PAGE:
Daily Progress, Jacksonville, TX

February 18, 2013


Jacksonville Daily Progress

JACKSONVILLE —             It’s late winter.  We are looking at pre-spawn conditions.  Female bass are gaining weight rapidly as their bodies begin producing and ripening eggs.  The surface temperatures are ranging from 55ºF to about 58ºF.  Big bass are just waiting for a warming trend that will draw them into the shallows.

            Fishermen are already out probing the usual pre-spawn areas hoping to run into staging bass.  One day everything is just right and bass are easy to catch.  The next day you would swear the bass had moved out of state. 

            The bass are still there, but where do you look and what will they bite?  Then you read about how some pro says pre-spawn bass are among the easiest fish to catch and pattern.  They say it’s all about identifying the types of areas they use prior to the spawn.  The problem is that the bass are schooled up in a small area, and finding them is no easy task. 

            It’s general knowledge that the hot spots or staging areas are located somewhere between the spawning flats and their deeper wintering areas.

            Unfortunately, there are no hard, fast rules for when bass move from winter to pre-spawn areas.  In our area bass don’t normally nest until water temperatures reach the mid-60s.

            Just as warming trends lure fish to the shallows, cold fronts bring down the surface temperatures and bass back off to a little deeper water.  Staging areas differ from lake to lake and in various regions around the country.  At Rayburn the key area can be a depression on a flat.  This type of staging area provides the bass a little bit deeper sanctuary than they had on the spawning flats. 

            On Lake Nacogdoches several years ago we accidentally discovered a staging area.  Ron Stacey and I were fishing an east bank just past the hi-line when I spotted bass schooling on top.  When I inspected the area I discovered a small 12’ deep gully just out from the bank.  The bass were stacked in this area like cord wood.  We caught bass for about three hours on Carolina rigs and deep crank baits.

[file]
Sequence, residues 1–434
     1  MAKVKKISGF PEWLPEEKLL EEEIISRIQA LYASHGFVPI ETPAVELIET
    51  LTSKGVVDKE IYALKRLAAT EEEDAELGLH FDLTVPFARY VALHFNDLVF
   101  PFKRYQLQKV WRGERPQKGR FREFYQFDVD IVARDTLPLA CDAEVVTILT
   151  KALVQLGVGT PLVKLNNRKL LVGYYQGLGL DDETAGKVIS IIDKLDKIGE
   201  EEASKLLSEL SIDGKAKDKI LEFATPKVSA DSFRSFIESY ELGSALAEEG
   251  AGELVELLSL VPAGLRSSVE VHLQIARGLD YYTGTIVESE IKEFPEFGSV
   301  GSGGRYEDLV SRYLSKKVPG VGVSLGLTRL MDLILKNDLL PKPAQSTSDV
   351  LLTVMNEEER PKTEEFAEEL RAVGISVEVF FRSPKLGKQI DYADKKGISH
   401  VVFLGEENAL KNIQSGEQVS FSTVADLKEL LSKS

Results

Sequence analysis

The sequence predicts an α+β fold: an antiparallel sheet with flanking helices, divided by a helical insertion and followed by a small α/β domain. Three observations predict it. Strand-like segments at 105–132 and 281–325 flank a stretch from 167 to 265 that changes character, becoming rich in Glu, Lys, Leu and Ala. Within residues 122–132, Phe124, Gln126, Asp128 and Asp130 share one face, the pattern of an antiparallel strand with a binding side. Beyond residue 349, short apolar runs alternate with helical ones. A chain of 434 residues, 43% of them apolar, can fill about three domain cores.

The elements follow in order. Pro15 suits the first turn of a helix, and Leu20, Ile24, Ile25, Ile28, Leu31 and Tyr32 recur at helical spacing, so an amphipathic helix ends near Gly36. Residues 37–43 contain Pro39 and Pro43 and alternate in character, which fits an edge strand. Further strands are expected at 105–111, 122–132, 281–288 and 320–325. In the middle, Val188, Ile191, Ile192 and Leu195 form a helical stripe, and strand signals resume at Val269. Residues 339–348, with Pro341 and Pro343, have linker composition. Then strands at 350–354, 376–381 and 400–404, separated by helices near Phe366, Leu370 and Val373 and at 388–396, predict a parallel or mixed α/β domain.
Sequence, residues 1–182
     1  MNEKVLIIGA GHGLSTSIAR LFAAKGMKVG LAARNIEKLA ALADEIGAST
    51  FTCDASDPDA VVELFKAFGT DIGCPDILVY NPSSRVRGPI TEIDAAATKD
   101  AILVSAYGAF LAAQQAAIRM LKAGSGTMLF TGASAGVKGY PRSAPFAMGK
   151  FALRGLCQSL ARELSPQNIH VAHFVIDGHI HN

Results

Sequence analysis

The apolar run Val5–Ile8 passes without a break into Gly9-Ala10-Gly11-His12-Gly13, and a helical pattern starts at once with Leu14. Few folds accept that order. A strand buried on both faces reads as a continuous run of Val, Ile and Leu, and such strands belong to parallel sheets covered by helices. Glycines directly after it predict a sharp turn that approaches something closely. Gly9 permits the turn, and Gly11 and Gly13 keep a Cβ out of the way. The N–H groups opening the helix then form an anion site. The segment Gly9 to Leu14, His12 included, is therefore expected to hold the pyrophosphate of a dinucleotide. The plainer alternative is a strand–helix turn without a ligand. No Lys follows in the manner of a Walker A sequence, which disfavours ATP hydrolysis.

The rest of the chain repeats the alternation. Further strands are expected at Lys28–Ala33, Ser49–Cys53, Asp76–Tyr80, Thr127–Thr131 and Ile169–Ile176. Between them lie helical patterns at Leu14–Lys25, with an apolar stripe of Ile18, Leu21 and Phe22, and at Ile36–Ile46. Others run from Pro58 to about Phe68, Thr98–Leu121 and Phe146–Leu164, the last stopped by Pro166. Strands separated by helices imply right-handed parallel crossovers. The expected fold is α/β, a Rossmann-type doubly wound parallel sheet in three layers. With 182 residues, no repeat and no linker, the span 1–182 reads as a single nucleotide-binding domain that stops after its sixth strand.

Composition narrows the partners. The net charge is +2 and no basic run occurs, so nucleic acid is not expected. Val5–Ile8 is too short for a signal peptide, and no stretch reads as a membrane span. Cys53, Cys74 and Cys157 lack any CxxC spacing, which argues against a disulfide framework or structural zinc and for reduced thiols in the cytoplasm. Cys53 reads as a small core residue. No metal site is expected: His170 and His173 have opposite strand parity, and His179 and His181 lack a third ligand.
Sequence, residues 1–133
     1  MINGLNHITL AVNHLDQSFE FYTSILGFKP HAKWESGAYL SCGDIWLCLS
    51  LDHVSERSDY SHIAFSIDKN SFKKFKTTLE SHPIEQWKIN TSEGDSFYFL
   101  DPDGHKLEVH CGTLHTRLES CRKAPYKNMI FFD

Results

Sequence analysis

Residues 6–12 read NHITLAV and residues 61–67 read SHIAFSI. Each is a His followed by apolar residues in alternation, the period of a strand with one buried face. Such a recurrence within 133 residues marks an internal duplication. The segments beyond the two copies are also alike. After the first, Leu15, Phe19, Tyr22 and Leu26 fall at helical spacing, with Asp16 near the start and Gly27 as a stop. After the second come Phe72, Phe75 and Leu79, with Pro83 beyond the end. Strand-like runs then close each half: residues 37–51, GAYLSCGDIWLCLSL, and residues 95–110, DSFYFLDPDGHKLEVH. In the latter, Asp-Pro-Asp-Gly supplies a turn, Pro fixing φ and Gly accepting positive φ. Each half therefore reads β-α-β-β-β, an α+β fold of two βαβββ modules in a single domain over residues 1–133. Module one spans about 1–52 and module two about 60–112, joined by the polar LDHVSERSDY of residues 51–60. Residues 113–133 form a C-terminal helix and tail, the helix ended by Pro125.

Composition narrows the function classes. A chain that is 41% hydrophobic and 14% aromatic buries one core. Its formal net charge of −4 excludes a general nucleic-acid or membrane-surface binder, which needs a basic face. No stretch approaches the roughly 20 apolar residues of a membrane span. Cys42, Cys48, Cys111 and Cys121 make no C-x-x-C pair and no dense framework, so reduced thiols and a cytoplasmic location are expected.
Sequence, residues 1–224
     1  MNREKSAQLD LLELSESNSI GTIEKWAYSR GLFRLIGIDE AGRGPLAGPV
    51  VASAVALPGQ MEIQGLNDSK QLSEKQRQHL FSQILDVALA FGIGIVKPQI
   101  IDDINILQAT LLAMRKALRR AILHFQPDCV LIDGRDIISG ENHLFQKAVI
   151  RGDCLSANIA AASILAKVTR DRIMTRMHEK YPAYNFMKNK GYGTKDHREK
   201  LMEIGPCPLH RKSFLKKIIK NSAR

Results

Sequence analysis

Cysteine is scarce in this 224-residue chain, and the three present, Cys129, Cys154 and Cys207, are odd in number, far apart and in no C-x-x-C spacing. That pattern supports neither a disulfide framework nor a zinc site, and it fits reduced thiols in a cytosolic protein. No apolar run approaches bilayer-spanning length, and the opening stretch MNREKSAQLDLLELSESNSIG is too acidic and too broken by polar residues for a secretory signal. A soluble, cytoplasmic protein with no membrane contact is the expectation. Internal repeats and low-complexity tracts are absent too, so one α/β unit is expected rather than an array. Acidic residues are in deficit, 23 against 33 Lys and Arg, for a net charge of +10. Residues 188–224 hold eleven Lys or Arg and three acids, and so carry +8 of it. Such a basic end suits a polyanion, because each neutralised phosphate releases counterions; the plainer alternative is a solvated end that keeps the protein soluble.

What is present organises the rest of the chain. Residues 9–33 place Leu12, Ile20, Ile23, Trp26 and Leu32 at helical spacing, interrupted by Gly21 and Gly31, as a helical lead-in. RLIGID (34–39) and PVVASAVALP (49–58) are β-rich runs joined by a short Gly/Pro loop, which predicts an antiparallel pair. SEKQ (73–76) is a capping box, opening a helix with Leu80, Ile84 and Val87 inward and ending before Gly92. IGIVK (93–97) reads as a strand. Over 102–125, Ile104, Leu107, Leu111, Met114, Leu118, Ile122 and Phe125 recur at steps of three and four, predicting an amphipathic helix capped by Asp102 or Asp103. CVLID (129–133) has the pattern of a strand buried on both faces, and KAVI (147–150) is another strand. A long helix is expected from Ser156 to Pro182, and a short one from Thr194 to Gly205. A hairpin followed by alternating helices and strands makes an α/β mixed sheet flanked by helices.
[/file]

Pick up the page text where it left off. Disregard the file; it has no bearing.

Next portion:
About three years ago Frank Lusk and I discovered another staging area on Lake Pinkston . We were fishing near the north end of the lake where we discovered a large group of staging bass out in the middle of the boat run.  This was the last deep water before you got to the spawning flats.

            This area had scattered hydrilla and was about 12 to 14 feet deep.  Lusk caught numerous bass on a Shakey Head.  I caught some of my largest bass on a 3/4 oz. Xcalibur lipless crank bait.  I swam the crank bait near the bottom over the top of the hydrilla.  These bass were feeding heavily prior to the spawn.

            As the pre-spawn season progresses, bass will move to the inside edge of a break line, especially if cover is present, before heading on to the spawning flat.  Once these fish move up to spawn, others will take their place. 

            During stable weather, bass can make a sudden move to the shallows.  Keep your eye on the weather and try to be on the lake when this occurs.


Jerry Miller can be contacted at: gonefishing2@suddenlink.net